3. We then find a shortest cycle C2 of G2, pick the first vertex v2 of C2 into our solution, and apply the reduction rules to the remaining graph to obtain graph G3.

    4. We keep doing this till the remaining graph is empty.

    Note that we go "deeper" into the branching tree first; that is, our branching picks vertices from disjoint cycles in preference to vertices from the same cycle. The intuitive reason to do this is that deleting vertices in this fashion is likely to result in a structurally simple (e.g: a disjoint collection of unicyclic graphs) graph sooner rather than later. This hunch has no theoretical basis (so far), but it seems to work well in practice.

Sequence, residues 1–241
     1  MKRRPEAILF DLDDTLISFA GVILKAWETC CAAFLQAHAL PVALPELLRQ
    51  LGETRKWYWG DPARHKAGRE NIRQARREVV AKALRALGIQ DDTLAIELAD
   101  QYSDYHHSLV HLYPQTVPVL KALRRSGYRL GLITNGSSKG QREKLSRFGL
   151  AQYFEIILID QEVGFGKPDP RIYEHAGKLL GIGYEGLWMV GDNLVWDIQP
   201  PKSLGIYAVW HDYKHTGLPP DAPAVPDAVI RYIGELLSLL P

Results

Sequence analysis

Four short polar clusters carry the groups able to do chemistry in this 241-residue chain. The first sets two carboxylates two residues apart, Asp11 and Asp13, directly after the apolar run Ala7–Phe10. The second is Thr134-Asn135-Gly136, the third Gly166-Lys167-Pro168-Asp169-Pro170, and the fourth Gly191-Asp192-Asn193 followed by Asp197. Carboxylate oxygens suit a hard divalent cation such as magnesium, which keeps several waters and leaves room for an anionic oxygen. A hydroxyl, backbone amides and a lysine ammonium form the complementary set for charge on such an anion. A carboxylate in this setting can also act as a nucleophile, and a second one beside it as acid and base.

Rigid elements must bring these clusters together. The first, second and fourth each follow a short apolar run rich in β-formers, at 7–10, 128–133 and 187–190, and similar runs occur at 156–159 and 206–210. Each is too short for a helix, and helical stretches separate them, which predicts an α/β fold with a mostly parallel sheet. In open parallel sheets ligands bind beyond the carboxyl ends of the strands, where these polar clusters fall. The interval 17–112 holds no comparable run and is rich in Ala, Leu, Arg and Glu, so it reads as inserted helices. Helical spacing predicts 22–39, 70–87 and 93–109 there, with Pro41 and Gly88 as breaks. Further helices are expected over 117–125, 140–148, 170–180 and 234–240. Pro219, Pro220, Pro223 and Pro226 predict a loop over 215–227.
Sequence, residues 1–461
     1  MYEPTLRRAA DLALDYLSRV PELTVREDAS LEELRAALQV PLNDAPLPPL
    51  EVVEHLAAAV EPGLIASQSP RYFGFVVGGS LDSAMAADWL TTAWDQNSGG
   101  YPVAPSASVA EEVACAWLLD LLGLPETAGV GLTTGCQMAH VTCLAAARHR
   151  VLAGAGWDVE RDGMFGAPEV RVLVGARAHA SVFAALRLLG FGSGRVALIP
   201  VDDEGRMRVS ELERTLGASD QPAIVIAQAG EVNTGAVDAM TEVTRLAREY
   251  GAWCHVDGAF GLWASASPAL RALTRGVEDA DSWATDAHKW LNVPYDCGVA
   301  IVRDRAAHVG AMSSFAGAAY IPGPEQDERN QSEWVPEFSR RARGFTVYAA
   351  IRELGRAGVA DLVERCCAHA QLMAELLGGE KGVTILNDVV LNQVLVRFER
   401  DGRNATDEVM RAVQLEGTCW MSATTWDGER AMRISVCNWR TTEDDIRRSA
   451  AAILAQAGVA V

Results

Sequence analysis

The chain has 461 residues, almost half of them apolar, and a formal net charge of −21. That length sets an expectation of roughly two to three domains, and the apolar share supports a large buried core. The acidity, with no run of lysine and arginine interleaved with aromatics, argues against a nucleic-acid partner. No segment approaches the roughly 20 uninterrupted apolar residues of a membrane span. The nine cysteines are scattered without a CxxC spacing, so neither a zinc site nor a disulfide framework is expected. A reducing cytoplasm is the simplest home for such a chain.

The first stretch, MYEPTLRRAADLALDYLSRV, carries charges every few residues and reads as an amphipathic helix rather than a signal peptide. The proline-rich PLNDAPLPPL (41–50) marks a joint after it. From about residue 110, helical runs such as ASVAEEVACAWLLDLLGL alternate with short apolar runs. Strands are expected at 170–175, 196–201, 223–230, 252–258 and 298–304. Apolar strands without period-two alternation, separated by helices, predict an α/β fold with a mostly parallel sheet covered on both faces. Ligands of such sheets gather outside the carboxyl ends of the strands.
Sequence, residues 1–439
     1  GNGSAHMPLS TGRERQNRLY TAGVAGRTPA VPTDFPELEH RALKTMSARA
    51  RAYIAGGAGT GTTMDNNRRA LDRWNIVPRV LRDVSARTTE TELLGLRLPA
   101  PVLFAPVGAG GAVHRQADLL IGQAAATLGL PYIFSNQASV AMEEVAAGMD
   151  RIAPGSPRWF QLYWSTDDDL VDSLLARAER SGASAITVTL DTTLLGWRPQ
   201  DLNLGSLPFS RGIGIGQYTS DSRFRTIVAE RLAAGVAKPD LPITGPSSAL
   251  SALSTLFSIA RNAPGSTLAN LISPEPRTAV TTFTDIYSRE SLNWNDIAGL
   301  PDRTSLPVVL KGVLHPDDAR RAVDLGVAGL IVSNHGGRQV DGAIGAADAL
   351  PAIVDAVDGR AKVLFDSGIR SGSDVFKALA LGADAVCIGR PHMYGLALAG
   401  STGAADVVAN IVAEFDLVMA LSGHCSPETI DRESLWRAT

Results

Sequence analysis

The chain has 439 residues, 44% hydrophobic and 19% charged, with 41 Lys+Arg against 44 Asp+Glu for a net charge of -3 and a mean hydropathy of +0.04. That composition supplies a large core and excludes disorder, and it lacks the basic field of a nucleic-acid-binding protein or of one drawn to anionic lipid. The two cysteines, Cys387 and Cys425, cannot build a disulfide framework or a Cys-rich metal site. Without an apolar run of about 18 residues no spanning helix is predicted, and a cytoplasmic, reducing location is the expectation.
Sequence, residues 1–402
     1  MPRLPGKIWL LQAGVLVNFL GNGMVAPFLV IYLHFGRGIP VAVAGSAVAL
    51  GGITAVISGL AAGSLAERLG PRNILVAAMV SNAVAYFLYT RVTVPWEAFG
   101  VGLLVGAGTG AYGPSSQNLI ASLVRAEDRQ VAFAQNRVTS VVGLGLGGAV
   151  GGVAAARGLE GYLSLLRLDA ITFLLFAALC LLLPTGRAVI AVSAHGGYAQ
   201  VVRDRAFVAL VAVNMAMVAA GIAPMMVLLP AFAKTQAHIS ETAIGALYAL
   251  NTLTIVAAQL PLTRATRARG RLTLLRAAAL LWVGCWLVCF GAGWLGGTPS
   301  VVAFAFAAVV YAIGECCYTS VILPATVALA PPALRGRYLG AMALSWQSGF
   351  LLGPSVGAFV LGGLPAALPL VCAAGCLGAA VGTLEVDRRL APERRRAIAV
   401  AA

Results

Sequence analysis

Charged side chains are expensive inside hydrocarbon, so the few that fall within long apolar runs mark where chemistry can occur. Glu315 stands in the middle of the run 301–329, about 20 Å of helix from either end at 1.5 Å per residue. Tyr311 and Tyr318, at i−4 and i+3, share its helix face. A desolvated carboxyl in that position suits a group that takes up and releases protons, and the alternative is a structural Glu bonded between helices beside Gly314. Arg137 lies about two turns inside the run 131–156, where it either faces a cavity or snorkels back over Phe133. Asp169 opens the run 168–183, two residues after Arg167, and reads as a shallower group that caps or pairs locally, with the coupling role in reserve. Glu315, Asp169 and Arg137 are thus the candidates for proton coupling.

We implement this "depth-first" branching by storing partially processed graphs (those we obtain by deleting a vertex from a shortest cycle) in a queue, and processing these partial solutions in queue order.

    1. Whenever it becomes clear that any fvs that we will find would not be smaller than the current best fvs that we have found, we stop our processing and abort the rest of that branch.

    2. Before branching on a new cycle, we check if our current partial solution is comparable in size to the current best fvs that we have. If this is indeed the case, then we find a lower bound for the fvs size of the remaining graph, and check if size(current partial solution) + lower_bound(remaining graph) is no smaller than the size of our current best fvs. If this is the case, then we abort this branch.

    At present the notion of "comparable" is: partial-fvs-size &gt;= current-best-fvs-size/3 . This fraction was chosen empirically.